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From human rights to individual lives

In this video, Therese Sands describes ways of working with human rights frameworks when advocating for people with disabilities.
MAN: FutureLearn. [THEME MUSIC] UNSW Australia. Advocacy at global and local scales.
THERESE SANDS: I think the advantage of the international human rights framework and using human rights treaties that Australia has ratified, is that they just create more tools for your advocacy. So these treaties set out rights, human rights, of people, including people with disability. But they’re just treaties if they are just sitting there and they have been ratified. They actually have to be put into practise. And part of advocacy is to push governments to implement the rights contained in the various conventions. So it’s really important to engage at the global level, at the UN level, in terms of those mechanisms. You start with grassroots issues that affect people with disability.
You provide that or take that to the global level, hoping to get findings at an international level that impact on Australia and their actions, or policy, or legislation, to create local change. So you’re taking it up to the global and back to the local. So that is the value of it. It brings international attention on a country. So recently, the United Nations Committee on the Rights of Persons with Disability found that two people with disability in Australia, two deaf people, were discriminated against, that Australia had violated their rights in terms of being able to serve as jurors, and to undertake jury duty.
Now, that has significant implication for deaf people who have been in Australian courts, trying to get redress, or trying to be able to serve as every other citizen on a jury. So it’s about using the mechanisms that are provided. That’s just one example of individuals using the mechanisms. But in terms of the reviews of Australia under various treaties– being able to take a whole range of issues to those treaty bodies, talk to them, lobby them about the issues in Australia, ask them for particular and specific kinds of recommendations, then over time, you get a series of recommendations from different treaty bodies and different processes that eventually impact strongly on Australia.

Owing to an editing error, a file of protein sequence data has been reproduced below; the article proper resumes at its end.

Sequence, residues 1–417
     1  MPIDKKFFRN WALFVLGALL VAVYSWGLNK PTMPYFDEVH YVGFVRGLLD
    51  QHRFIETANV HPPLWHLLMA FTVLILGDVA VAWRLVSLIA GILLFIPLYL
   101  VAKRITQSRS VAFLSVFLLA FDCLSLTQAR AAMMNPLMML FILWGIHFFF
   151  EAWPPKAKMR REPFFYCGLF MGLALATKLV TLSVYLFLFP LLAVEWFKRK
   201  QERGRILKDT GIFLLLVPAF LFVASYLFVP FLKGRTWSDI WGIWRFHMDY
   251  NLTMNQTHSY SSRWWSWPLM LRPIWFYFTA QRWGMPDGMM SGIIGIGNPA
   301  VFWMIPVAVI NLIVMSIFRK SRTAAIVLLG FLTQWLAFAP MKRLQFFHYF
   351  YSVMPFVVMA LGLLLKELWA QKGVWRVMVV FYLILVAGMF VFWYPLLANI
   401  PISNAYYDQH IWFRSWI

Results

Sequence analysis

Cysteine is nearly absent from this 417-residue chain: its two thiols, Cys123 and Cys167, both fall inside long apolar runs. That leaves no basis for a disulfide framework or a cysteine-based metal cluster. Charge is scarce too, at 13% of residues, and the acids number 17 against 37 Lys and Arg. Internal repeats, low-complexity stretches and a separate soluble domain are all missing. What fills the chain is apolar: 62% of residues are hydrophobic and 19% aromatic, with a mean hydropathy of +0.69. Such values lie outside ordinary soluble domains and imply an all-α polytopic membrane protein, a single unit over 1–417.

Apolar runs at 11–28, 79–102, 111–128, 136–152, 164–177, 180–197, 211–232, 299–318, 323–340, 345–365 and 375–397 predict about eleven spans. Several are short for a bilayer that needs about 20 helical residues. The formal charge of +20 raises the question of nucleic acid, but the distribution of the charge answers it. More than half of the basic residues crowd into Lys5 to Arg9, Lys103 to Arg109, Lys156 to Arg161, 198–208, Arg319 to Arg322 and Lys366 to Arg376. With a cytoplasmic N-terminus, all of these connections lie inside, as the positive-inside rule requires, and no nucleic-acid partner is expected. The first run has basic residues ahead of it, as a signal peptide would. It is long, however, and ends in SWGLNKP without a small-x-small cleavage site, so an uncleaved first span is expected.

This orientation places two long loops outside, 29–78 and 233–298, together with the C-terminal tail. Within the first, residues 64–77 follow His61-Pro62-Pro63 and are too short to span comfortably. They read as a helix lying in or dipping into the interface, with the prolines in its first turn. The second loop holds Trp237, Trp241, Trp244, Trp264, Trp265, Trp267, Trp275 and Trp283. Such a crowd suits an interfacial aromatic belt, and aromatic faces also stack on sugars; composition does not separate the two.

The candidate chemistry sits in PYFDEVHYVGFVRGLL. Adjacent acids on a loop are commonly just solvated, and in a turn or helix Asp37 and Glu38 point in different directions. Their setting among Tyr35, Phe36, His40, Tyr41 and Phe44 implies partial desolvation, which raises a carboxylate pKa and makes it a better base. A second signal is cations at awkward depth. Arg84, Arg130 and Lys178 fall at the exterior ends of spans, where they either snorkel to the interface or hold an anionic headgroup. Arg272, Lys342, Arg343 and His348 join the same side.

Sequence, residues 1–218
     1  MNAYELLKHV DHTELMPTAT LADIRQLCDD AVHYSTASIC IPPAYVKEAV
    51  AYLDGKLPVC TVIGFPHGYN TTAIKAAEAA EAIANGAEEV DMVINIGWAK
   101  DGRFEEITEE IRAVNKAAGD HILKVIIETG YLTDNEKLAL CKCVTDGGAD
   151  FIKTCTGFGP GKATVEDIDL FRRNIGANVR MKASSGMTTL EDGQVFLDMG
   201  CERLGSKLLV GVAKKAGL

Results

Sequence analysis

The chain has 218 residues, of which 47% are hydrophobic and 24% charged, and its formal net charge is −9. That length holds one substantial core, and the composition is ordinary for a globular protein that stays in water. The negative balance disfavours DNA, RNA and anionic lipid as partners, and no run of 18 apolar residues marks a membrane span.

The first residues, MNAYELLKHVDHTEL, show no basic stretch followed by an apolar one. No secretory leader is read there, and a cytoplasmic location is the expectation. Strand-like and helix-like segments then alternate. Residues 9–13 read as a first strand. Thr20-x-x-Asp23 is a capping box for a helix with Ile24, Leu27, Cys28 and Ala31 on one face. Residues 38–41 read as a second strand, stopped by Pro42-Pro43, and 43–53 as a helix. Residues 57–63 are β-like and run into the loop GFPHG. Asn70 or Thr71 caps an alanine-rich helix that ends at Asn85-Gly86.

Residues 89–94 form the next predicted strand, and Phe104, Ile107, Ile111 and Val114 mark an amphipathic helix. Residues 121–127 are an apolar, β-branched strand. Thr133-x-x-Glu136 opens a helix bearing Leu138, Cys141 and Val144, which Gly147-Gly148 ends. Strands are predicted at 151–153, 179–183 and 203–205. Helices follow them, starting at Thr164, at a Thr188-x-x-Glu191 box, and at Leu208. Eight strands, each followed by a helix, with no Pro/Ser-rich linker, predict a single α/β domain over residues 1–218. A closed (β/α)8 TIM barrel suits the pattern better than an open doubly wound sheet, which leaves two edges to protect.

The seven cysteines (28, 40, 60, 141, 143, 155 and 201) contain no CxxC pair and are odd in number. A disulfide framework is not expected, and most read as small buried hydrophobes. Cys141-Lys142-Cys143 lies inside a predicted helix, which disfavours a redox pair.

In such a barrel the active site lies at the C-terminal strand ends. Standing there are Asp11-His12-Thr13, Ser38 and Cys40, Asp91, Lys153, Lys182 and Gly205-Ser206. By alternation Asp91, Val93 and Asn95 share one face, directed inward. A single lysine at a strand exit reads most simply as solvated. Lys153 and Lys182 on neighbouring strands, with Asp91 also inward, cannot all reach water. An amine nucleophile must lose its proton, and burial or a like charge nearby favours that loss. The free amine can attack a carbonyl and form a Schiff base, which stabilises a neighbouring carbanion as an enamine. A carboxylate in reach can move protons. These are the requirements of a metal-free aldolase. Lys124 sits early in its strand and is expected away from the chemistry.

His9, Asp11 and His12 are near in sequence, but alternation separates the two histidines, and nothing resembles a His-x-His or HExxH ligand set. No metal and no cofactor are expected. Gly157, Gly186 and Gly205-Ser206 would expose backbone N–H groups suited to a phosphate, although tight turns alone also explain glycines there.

So part of the reason why we had a Senate inquiry into forced sterilisation, was because there was years of going to, probably a decade’s worth of going, to the international level to raise issues of forced sterilisation in Australia– with the Committee on the Rights of the Child, with the Committee on the Elimination of Discrimination Against Women, with the Committee on the Rights of Persons with Disability, to the Committee Against Torture, and most recently, to the Human Rights Council, where they were undertaking their universal periodic review of Australia. And all of them have given the same recommendation back to Australia, that they must prohibit forced sterilisation.
So it’s a long-term approach, but it can have significant impact in Australia, in terms of the government trying to move, trying to progress issues, or look at issues that they might have been reluctant to if we were only advocating domestically.

In the above video, Therese Sands discusses the use of global human rights frameworks as a systemic advocacy tool to make local change, and gives some useful examples of this.

As a systemic advocate for People with Disability Australia (PWDA), Therese starts her advocacy with a local grassroots issue. She then engages at the global level, using UN treaties to support her complaints. The UN then feeds its recommendations back to the Australian government, which, over the long term, can create change in local policy and legislation.

Therese mentions two interesting Australian examples of this circle of systemic advocacy. Firstly, she refers to a case where two deaf people tried to access jury duty. In this case, they were able to use the UNCRPD to demonstrate that the Australian government was being discriminatory. Secondly, Therese describes Australia’s Senate Inquiry against Forced Sterilisation, which was the result of a series of recommendations from a range of UN treaty bodies.

Talking points

  • Using the internet or your own knowledge, consider how systemic advocacy happens in your local context. Is there a formal advocacy service or approach to advocacy, or do people rely on their own or their family’s advocacy skills?
  • Why is it important for systemic advocates to work at multiple levels — from the grassroots, to the international level, and back again?

Next, we step away from systemic advocacy and start to explore individual and self-advocacy in more detail.

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